Howe’s numbers would swoop back up in the 1955-56 season, as he 38 goals and 79 points in 70 games, good for 2nd in the NHL behind only Jean Beliveau. In the 1956-57 season, Howe’s number launched back up to the top of the charts, leading the NHL with 44 goals and 89 points in 70 games, winning Howe the third Hart of his career. Howe missed another six games in the 1957-58 season, but still finished fourth in scoring with 77 points in 64 games. Howe won a fourth Hart trophy, tying him with Eddie Shore for the record at the time. It was also in this season that Howe began to cut down on his frequent fighting from his earlier years, an effort to preserve his energy and lengthen his career. Howe had a career low 40 PIMs.

At some point while Howe’s fighting frequency dropped, tough-guy defenseman Lou Fontinato took it upon himself to rile the legend up. Eventually in 1959, Howe took it upon himself to put Fontinato in his place in a fight with a well placed fist to the “honker” of Fontinato. Howe broke Fontinato’s nose and jaw that night, and perhaps also his confidence.

In the 1959-60 season, Howe set yet another record with his 5th Hart Memorial Trophy win, becoming the player with the most Harts in his career. It was in this season, that Howe would surpass Richard as the player with the most points in a career, a record he would hold all the way until Wayne Gretzky finally surpassed his totals. Howe would have two more solid seasons before having one final truly dominant year in the 1962-63 season. Howe was now 34 years old, but showing no signs of slowing. He led the NHL with 38 goals and 86 points, winning his 6th and final Hart Trophy. Despite never again winning another Hart trophy, Howe remained a consistency dangerous player on the ice placing third in Hart voting for three consecutive seasons.

Even as Howe approached his late 30s, he remained one of the NHL’s best consistently finishing in the top five scorers. As the NHL expanded to 12 teams in 1967 and the level of offense rose, Howe’s numbers rose as well. In the 1967-68 season, Howe eclipsed the 80 points mark again with 82 points in 74 games. In the 1968-69 season, at the age of 40, Howe surpassed 100 points for the first time in his career, scoring 44 goals and adding a career-high 59 assists for 103 points. He was one of three players to do so for the first time in NHL history in the 1968-69 season, Bobby Hull and Phil Esposito being the other two. Howe finally fell out of the top 5 in scoring in the 1969-70 season, but still finished at 9th with 71 points in 76 games. Howe missed more than 10 games in the 1970-71 season as his arthritis kicked in for his hand, causing him to retire at the age of 42. Howe was inducted into the Hall of Fame in 1972, after the usual mandatory waiting period was waived for him.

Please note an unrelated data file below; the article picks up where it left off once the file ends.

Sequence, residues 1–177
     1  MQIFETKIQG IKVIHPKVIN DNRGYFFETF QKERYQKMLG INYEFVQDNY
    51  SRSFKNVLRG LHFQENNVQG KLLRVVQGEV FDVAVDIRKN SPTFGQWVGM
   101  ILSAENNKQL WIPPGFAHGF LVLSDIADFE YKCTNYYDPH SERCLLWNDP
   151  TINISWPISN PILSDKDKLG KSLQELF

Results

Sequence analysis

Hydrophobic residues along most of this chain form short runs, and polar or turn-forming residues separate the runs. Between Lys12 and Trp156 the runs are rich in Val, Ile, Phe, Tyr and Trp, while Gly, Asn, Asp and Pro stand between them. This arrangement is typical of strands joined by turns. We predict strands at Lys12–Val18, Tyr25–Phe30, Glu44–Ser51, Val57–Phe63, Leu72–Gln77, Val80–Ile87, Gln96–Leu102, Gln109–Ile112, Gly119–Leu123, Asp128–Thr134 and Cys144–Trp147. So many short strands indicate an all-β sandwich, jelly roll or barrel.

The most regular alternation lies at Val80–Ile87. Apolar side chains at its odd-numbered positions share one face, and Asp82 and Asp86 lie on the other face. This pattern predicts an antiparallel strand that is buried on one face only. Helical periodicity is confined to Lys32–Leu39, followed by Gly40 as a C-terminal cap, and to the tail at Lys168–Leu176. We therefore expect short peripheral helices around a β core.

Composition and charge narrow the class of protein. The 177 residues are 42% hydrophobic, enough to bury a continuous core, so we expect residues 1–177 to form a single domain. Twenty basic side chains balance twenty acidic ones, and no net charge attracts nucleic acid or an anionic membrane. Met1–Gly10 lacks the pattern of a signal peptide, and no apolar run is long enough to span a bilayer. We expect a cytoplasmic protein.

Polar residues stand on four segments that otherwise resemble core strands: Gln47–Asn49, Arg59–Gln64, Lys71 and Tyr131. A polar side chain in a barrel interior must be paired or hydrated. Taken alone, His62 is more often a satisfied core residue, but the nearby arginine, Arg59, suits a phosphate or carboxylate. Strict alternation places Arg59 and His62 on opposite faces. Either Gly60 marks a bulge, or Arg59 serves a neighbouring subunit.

Howe would return with his sons, Mark and Marty to play with the Houston Aeros of the WHA in the 1970s, sometimes even on the same line. Despite playing in his mid and late 40s, Howe was still a very formidable player in the WHA. When the WHA folded in 1979 and several teams moved to the NHL, Howe, then with the New England Whalers, would follow them to the NHL for one final season, at the incredible age of of 51. Despite his age, Howe still managed a remarkable 15 goals and 41 points in 80 games in the 1979-80 season. Howe would play in the All-Star game held in Detroit where he would receive many loud cheers and ovations from the fans.

Howe retired at the end of the season just after turning 52 years old and was the record holder for an incredible number of records. He was the all-time record holder for games (1767), goals (801), assists (1049), and points (1850). Arguably Howe’s most incredible record, is that he remained among the NHL’s top five scorers for 20 consecutive seasons. Most players don’t even play for 20 seasons, never mind be one of the best offensive players for 20 seasons. Howe also won six Art Ross trophies and six Hart Memorial Trophies. To this day, Howe is still fourth all-time in points and second all-time in goals. His record of games is still the all-time record. Mr. Hockey remains a legend in the hearts and minds of hockey fans everywhere.